The Righteousness of Faith (Blogging the Belgic: Article 22)
We continue our 2017 series examining each of the articles of the Belgic Confession, one of Faith Church’s confessions of faith.
This year marks the 500th anniversary of the Protestant Reformation, with the topics of faith, righteousness, and justification being key issues that led to the division of the church at the time. These ideas are not minor or trivial matters but ones that key church leaders deemed are teachings that make a great difference for Christians and the Christian life; many have said they are the foundation on which the church and Christian life rises or falls. Article 22 of the Belgic Confession gives the Reformed understanding on these topics, as it discusses where faith comes from, what faith is, and what faith does.
The article begins by noting that true faith comes about through the work of the Holy Spirit: “We believe that for us to acquire the true knowledge of this great mystery the Holy Spirit kindles in our hearts a true faith.” That is, faith is not something that we acquire or obtain by our own intellect or capacity but comes about through the work of the Holy Spirit; faith itself is a gift of God. We see in 1 Corinthians 2:14 that only the person with the Spirit can accept the things of God, as the message of the gospel is foolishness to the natural person, and elsewhere we see that our faith is a gift of God (Ephesians 2:8-9) and something given to us by Christ (Philippians 1:29). Jesus also speaks about this truth in John 3:5 when he speaks about being born of the Spirit; the Spirit is what produces faith. This fact should always humble us!
That is where faith is from, but what is faith? The article then defines true faith as that which “embraces Jesus Christ, with all his merits, and makes him its own, and no longer looks for anything apart from him.” What a great definition! At its root, faith is seeking nothing else but Jesus, trusting in nothing or no one else but Jesus. This trust in Jesus alone means that we do not depend on our own good works or anything we have done, but we look only to the merits of Jesus Christ (his perfect life) as the condition for our salvation. We sometimes ask people if they think they are going to heaven when they die, and if they do, why? If someone asks me, I would say that I do think I am going to heaven and that I am doing so not because of my own works but because of Jesus, who lived a perfect and righteous life and in whom I trust. This statement about Christ’s merits introduces something that Christians often forget -- it is not just that Jesus died to take the punishment for our sins, but that he lived the perfect life to achieve the righteousness that we need (Romans 5:12; 2 Corinthians 5:21). Theologians sometimes talk about Christ’s active obedience in his life (to all God’s laws and commandments) and his passive obedience in his death (making payment and atonement for our sin); we need both to be saved. Belief in Jesus is trusting in his life and death as being the substitute for our own, living the life we should have lived and dying the death that we deserved.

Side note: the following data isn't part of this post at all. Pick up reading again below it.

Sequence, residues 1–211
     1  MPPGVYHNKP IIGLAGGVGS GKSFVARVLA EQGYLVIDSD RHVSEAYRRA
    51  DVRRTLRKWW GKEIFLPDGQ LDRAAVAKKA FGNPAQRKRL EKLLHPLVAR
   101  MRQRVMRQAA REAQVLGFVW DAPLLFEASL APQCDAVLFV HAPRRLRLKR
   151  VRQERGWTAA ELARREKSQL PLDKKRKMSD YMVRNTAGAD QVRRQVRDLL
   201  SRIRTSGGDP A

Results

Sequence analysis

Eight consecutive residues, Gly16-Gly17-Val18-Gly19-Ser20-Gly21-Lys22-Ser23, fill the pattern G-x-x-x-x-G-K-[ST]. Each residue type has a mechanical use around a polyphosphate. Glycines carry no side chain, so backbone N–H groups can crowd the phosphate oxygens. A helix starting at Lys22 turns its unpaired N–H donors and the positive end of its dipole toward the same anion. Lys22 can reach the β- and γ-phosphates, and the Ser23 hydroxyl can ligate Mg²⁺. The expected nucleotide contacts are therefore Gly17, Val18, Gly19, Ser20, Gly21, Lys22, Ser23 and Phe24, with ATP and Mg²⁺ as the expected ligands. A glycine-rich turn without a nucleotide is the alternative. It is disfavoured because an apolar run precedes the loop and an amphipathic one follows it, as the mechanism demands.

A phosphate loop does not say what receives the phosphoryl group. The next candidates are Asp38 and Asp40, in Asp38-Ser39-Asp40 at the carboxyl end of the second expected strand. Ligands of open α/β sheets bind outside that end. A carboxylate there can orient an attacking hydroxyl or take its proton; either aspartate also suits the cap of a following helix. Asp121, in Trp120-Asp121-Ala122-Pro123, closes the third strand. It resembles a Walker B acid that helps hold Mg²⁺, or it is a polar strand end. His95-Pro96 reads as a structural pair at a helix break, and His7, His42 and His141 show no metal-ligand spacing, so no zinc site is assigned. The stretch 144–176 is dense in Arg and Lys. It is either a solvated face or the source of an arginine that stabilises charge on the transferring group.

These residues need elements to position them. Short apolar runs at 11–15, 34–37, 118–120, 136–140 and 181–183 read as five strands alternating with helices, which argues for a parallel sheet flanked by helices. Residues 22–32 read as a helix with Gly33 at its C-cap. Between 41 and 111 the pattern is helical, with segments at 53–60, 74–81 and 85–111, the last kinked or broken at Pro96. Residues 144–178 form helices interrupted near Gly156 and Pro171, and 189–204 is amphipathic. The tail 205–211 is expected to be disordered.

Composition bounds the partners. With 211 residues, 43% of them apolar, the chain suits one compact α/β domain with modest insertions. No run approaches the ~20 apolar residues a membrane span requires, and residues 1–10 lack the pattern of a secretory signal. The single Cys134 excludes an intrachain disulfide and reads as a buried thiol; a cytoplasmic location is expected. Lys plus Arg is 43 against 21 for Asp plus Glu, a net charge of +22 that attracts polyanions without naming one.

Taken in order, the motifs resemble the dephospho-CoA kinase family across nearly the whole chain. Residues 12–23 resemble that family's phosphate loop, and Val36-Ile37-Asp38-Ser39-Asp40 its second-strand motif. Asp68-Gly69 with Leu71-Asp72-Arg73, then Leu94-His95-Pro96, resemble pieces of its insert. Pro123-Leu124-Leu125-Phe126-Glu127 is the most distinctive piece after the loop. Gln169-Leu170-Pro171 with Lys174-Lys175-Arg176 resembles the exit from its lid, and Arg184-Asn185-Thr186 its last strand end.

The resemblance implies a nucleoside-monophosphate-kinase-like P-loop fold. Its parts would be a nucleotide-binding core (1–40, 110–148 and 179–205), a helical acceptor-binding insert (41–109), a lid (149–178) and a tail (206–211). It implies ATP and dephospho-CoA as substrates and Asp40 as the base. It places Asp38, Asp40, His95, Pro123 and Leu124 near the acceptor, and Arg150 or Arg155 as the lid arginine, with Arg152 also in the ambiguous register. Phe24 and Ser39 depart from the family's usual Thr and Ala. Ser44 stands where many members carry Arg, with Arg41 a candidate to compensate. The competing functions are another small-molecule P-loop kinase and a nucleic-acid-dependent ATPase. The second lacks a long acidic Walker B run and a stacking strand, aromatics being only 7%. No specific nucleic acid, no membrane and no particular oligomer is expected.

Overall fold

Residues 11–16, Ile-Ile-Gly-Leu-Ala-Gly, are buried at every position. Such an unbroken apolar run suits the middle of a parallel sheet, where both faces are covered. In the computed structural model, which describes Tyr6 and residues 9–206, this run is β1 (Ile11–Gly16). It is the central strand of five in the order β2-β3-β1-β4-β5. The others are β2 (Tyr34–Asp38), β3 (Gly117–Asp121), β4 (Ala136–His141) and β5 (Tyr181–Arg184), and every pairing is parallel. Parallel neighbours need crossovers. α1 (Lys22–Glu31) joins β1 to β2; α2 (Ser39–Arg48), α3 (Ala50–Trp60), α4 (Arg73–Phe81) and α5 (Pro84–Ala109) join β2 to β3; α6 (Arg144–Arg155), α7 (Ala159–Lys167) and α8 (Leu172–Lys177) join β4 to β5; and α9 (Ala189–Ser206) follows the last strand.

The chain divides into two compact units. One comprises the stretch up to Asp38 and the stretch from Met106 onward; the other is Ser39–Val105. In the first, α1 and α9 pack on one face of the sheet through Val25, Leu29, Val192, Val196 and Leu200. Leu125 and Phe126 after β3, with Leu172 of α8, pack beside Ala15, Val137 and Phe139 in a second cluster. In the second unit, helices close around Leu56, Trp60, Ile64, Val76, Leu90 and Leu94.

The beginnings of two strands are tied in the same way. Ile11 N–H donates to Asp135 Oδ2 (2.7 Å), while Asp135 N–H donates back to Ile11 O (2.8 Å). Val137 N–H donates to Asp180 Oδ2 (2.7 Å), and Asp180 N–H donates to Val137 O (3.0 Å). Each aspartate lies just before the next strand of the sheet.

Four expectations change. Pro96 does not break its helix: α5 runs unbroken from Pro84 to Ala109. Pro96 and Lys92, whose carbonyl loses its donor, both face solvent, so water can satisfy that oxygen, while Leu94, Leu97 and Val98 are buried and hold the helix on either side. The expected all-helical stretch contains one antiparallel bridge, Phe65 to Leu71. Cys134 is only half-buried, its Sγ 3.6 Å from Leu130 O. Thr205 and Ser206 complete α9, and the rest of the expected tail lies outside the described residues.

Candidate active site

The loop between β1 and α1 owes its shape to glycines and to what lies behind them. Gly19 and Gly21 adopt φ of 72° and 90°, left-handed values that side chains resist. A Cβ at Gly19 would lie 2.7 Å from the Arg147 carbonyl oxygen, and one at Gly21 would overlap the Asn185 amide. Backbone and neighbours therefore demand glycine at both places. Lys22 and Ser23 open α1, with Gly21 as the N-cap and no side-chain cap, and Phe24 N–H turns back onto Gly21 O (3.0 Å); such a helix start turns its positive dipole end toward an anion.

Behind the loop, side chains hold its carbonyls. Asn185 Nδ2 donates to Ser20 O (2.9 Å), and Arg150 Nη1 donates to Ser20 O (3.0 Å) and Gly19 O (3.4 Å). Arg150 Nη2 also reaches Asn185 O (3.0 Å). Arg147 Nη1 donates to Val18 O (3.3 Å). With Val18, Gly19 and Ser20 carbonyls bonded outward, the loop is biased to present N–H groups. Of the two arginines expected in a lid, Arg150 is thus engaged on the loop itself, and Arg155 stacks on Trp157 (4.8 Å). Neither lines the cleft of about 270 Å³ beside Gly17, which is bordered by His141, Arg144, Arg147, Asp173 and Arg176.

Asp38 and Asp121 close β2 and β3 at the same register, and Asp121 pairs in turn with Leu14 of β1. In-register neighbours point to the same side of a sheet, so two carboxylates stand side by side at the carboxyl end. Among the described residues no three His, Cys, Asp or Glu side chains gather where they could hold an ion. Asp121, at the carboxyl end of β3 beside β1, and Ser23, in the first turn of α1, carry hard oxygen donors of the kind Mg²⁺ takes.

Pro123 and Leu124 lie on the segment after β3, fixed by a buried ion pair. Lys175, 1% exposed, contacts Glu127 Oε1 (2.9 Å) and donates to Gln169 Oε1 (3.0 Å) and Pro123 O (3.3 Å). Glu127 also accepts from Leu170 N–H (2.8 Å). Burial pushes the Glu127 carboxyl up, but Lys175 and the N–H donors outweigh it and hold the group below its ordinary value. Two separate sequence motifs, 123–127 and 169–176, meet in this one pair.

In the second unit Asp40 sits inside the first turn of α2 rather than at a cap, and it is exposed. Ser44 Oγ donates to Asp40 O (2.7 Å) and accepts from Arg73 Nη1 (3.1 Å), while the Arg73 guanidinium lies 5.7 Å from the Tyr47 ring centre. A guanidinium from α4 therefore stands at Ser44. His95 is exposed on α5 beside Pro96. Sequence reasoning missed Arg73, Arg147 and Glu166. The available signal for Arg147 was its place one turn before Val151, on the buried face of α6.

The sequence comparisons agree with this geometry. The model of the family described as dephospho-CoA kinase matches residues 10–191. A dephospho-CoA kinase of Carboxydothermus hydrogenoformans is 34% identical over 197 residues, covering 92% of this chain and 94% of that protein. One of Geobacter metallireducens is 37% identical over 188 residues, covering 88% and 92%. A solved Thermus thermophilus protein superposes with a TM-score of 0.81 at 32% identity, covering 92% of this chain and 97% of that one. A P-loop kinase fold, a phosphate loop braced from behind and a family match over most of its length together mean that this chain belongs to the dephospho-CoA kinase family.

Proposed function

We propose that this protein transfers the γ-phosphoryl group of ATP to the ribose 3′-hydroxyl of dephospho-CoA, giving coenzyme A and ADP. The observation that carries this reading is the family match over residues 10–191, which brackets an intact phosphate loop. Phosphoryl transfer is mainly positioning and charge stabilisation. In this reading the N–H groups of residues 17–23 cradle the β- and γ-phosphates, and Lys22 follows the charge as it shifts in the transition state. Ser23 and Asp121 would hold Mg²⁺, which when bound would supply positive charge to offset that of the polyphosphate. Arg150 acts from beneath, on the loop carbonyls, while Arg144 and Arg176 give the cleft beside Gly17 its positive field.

Since faith is looking at Jesus and him alone, that means that if we say anything else is required for salvation, he is only half a Savior, as the confession continues. “For it must necessarily follow that either all that is required for our salvation is not in Christ or, if all is in him, then those who have Christ by faith have his salvation entirely. Therefore, to say that Christ is not enough but that something else is needed as well is a most enormous blasphemy against God— for it then would follow that Jesus Christ is only half a Savior.” Again, what powerful words. We must remember that Jesus did not make us savable but has saved us through his life and death - if we believe.
This idea that we are saved through faith alone is found in the writings of the Apostle Paul, as the writer of the confession refers back to Paul and quotes Romans 3:28: “And therefore we justly say with Paul that we are ‘justified by faith alone’ or ‘by faith apart from works.’”
A question that often occurs in these discussions of faith is whether faith is then a work by which we earn salvation. The Confession clarifies this by pointing out that faith is not the reason we are saved but the means, the mechanism through which we receive Christ’s righteousness: “However, we do not mean, properly speaking, that it is faith itself that justifies us—for faith is only the instrument by which we embrace Christ, our righteousness. But Jesus Christ is our righteousness in making available to us all his merits and all the holy works he has done for us and in our place.” Faith is the beggar sticking out his hand for bread - but Christ is the bread that saves us.
Not only does faith save us, but faith also keeps us in this communion, as the confession notes, “And faith is the instrument that keeps us in communion with him and with all his benefits.” We are saved by faith, but we must keep in faith to keep in fellowship with Christ. When we have this faith, we can be confident that we are righteous, that our sins are no longer held against us. The article confirms this, as it ends by stating: “When those benefits are made ours they are more than enough to absolve us of our sins.”
So, the big question is whether you trust in Christ or Christ plus anything else for your salvation. If you add anything to Christ, then he is not truly your Savior and you are trusting in that (whether it is your works, your baptism, your church, or whatever) rather than Christ. It is not enough to have faith in something - the question is if you have faith in Jesus and his merits alone. If you have faith in him, your sins are absolved and your are made right with him. This truth and freedom is foundational for all of life, giving us the freedom to follow Christ.
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